“We have been advised from our physician to be locked down now,” she said. “I work with special needs little kids and this entire two weeks, we had green snot flowing, coughing… Waiting for a case to be identified is reactive. I think we need to be proactive. I don’t think there’s really any choice.”
Amber Tiedeken-Cron, a teacher at Crescent Elk Middle School, said closing school on Wednesday would likely mean two days of chaos leading to the closure. She noted that her colleagues have independent study packets rolled out for the year.
There are also spreadsheet programs with online options, Tiedeken-Cron said. They’re recording lessons and are working on a live-stream option.
Sarina has been working with Scott to address how social distancing and other guidelines related to COVID-19 would look for the county. This includes setting up virtual public meetings and allowing people to use their sick time or to work from home to maintain the social distance guidelines of six feet apart.
Sarina said technology staff are working to set up a program that would allow for public comment via Zoom, email or text messages.
Meanwhile, Scott said, emergency officials are working on getting as many supplies, including personal protective equipment, into the community as they can.
“One of the things that’s a concern for us is overloading the hospital,” she said. “We keep hearing the term ‘flatten the curve.’
That’s super important for our community and the best way we can do that is to be proactive; staying home if you’re sick. That’s why you’re hearing it 30,000 times. Those things are very important.”
Scott noted that there are two silver linings.
“Even though we’re struggling locally, other communities are too,” she said. “The other real silver lining, I think, especially in this setting, is it seems kids can be carriers, but it’s not taking our kids out. Let’s be thankful for that.”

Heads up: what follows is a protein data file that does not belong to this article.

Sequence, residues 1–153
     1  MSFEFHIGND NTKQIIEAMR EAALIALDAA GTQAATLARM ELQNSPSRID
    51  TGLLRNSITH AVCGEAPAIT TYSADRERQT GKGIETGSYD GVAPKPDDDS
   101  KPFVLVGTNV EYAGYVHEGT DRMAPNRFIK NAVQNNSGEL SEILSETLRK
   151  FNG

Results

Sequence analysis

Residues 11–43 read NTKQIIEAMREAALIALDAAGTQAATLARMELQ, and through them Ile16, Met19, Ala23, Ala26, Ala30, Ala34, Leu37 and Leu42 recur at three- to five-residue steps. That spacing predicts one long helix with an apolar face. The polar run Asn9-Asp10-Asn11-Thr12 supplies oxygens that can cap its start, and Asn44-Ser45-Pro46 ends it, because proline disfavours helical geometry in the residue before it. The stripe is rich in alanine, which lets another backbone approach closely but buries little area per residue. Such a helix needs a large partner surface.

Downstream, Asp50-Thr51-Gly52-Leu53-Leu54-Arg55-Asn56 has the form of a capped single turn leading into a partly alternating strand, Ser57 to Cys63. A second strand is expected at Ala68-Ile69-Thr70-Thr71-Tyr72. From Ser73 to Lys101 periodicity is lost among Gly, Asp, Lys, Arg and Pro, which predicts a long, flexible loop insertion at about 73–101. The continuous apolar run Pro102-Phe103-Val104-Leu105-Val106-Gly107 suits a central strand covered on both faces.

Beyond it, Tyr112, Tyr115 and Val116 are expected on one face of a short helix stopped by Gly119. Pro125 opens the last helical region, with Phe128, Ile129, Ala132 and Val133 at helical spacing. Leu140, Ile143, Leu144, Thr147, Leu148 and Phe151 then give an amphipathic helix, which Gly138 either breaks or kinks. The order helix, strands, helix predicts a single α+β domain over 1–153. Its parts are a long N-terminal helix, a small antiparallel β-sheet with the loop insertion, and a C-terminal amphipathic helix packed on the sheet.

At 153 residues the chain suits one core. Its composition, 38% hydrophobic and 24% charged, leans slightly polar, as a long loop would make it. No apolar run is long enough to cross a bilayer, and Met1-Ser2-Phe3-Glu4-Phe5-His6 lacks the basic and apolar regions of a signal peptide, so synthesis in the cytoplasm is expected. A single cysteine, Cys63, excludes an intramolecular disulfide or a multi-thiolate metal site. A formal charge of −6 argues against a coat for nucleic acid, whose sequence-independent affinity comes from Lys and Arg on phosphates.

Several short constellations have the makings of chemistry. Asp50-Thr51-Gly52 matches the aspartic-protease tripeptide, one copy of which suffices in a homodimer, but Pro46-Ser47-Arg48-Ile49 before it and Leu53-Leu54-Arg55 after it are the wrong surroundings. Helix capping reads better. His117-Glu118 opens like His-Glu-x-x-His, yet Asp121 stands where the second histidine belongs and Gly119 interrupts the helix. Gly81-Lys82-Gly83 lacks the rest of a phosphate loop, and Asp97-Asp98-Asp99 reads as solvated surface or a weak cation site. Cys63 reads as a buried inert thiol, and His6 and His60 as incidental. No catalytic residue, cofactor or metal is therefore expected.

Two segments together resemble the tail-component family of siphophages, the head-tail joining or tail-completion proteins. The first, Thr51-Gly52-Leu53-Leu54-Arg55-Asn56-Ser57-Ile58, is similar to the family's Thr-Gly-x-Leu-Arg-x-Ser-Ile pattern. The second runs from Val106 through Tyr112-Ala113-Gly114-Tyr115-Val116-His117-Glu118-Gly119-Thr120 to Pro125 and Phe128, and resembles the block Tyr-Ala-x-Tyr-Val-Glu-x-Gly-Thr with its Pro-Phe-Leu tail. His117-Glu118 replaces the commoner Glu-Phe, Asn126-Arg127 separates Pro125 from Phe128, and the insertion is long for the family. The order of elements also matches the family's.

The city is also looking at setting up virtual meetings for the public, especially for Monday’s Crescent City Council meeting, Wier said. There’s also been discussion about closing Petersen Park or the Fred Endert Municipal Pool to follow social distancing guidelines, though a decision hasn’t been made yet, Wier said.
That’s a discussion the City Council will likely take up at its meeting on Monday.
DNUSD’s newest board member, Charlaine Mazzei, who is executive director of the Del Norte County Senior Center, said the senior center will be closed for the rest of the month, though her staff will continue to prepare meals.
“For anyone who would come for our congregate program, we’re asking them to take meals to go,” she said. “We’ll allow provision for people who can’t make transportation work, who can’t leave until the next bus leaves, to be very widely spaced (apart) and dine on site. But the decision has also been made that the minute we have our first confirmed case in the county, that would also be shut down.”
To protect public health and slow the rate of COVID-19 transmission, the California Department of Public Health recommends postponing gatherings of 250 people statewide for the remainder of March. Gatherings of those who are at higher risk of severe illness from COVID-19 should be limited to no more than 10 people, according to CDPH.
In Del Norte County, three people are under investigation for suspected cases of COVID-19. Test results for five specimens are pending and five have returned negative for the virus, according to the Public Health Branch.
There are 1,629 total COVID-19 cases in the United States and 41 deaths, according to the Centers for Disease Control and Prevention. Forty-six states and Washington DC are reporting cases.
Globally, 142,539 cases of COVID-19 have been reported with 5,393 deaths, according to the World Health Organization.